The risk of infection during pregnancy has always been a concern, but the high rate of illness during the COVID-19 pandemic has highlighted the potential impact of infection on a developing brain.
To better understand the long-term consequences, a new Western University study supported by Western’s BrainsCAN, explored the effects of a pregnant person’s immune response to a virus or bacteria on an unborn baby’s brain development. The study examined how early developmental changes can disrupt sensory processing abilities later in life commonly seen in neurodevelopmental disorders including autism spectrum disorder and schizophrenia.”
“Even before the pandemic, previous studies found that developmental disruption caused by infection during pregnancy can increase the risk of a child later developing autism or schizophrenia,” said Faraj Haddad, first author of the paper and former Western PhD neuroscience researcher. “To examine this further, our study looked at a specific molecule called Interleukin-15 and its involvement in the maternal immune response’s effects on fetal brain development and behaviour later in life.”
The study, published in the journal, Brain, Behavior, & Immunity – Health, found the maternal immune response affected sensory processing and anxiety in rodent models and the absence of Interleukin-15 (IL-15) modified these effects. The result was that sensory processing and anxiety was either better or worse without IL-15.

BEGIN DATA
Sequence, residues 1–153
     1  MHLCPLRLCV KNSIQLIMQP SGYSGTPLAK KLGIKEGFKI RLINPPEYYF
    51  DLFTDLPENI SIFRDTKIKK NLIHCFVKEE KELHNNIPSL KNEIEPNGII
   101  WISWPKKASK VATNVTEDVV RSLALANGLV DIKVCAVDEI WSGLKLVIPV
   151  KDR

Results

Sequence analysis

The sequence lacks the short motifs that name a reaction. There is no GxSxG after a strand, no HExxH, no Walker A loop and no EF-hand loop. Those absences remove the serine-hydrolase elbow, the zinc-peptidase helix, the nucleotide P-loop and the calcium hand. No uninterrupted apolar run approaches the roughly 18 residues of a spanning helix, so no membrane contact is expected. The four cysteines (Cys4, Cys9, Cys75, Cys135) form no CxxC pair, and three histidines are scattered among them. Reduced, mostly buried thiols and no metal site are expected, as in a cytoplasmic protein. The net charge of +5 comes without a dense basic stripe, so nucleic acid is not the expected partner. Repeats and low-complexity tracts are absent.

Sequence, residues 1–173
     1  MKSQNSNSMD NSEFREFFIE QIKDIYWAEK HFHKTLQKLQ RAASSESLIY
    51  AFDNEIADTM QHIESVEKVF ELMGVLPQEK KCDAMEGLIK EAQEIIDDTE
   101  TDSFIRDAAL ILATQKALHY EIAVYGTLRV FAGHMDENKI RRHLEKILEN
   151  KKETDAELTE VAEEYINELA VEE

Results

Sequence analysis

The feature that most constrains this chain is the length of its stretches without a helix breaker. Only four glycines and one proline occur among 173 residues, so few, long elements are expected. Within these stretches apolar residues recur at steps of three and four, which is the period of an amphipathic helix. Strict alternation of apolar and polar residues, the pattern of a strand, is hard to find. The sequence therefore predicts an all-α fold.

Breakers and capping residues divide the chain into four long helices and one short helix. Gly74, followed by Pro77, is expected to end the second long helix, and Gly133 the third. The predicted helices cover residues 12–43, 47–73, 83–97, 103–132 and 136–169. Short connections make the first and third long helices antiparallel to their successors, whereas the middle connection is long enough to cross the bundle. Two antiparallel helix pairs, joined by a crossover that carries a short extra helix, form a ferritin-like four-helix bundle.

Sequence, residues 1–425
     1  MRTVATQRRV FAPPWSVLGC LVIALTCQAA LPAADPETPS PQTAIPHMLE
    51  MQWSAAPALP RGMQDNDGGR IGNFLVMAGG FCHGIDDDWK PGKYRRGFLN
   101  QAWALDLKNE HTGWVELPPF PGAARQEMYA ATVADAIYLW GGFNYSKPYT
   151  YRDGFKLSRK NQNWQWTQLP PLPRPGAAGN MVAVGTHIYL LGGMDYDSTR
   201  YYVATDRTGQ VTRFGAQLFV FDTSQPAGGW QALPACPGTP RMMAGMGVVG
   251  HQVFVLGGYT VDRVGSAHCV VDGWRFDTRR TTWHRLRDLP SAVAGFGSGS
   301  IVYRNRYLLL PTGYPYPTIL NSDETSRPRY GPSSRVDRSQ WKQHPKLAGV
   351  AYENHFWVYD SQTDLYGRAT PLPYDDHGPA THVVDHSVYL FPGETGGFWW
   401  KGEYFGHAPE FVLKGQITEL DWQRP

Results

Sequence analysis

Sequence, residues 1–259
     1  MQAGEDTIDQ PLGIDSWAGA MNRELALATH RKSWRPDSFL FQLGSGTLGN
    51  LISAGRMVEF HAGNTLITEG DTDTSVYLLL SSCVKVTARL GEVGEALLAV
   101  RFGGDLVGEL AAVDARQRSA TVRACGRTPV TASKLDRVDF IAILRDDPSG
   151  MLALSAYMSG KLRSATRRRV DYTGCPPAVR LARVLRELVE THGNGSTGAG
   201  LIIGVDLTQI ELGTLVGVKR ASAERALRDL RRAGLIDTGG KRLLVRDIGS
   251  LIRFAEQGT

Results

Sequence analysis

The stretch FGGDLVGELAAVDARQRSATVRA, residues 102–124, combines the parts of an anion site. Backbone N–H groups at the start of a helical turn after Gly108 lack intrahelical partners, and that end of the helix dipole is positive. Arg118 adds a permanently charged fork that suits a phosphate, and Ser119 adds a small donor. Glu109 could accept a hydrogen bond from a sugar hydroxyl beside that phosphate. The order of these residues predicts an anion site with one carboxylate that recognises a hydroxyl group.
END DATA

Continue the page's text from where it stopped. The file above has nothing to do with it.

“The rodents in this study lacked IL-15 or natural killer cells, which are the major immune cells in the placenta,” said Susanne Schmid, senior author of the paper and professor at the anatomy & cell biology department at Western’s Schulich School of Medicine & Dentistry. “We looked to see if this immune response in the placenta impacts the fetal brain. We found that the answer is complicated – it’s not just one mechanism that impacts the fetal brain, it’s the interaction of different mechanisms.”
Despite the complex findings, the study confirmed the lack of IL-15 can affect an individual’s behaviour.
“It tells us that the IL-15 molecule plays a role in normal development of the brain,” explained Haddad. “This study paves the way for future work to fully explain how a maternal immune response can increase the risk for neurodevelopmental disorders.”
While the study signals the need for additional research in this area, an understanding of the effect of IL-15 provides insight into how pregnant individuals can protect themselves and their developing babies.
“COVID-19 is known to lead to a strong immune response, sometimes one that goes on for a long time,” said Haddad. “We know that the more severe the infection, the higher the risk for the developing brain. The earlier that infection happens during pregnancy, the higher the risk as well.”
Haddad suggested that awareness is important for those who are pregnant. Understanding the risks of infections during early pregnancy and knowing how to take care of oneself when an infection occurs, can help ensure the immune response is controlled.
As Schmid explained, the ultimate goal for this research is to provide an antidote that will take away the risk for a developing baby. “But until that time, vaccines are really important during pregnancy as they help protect against severe infection and reduce the maternal immune response.”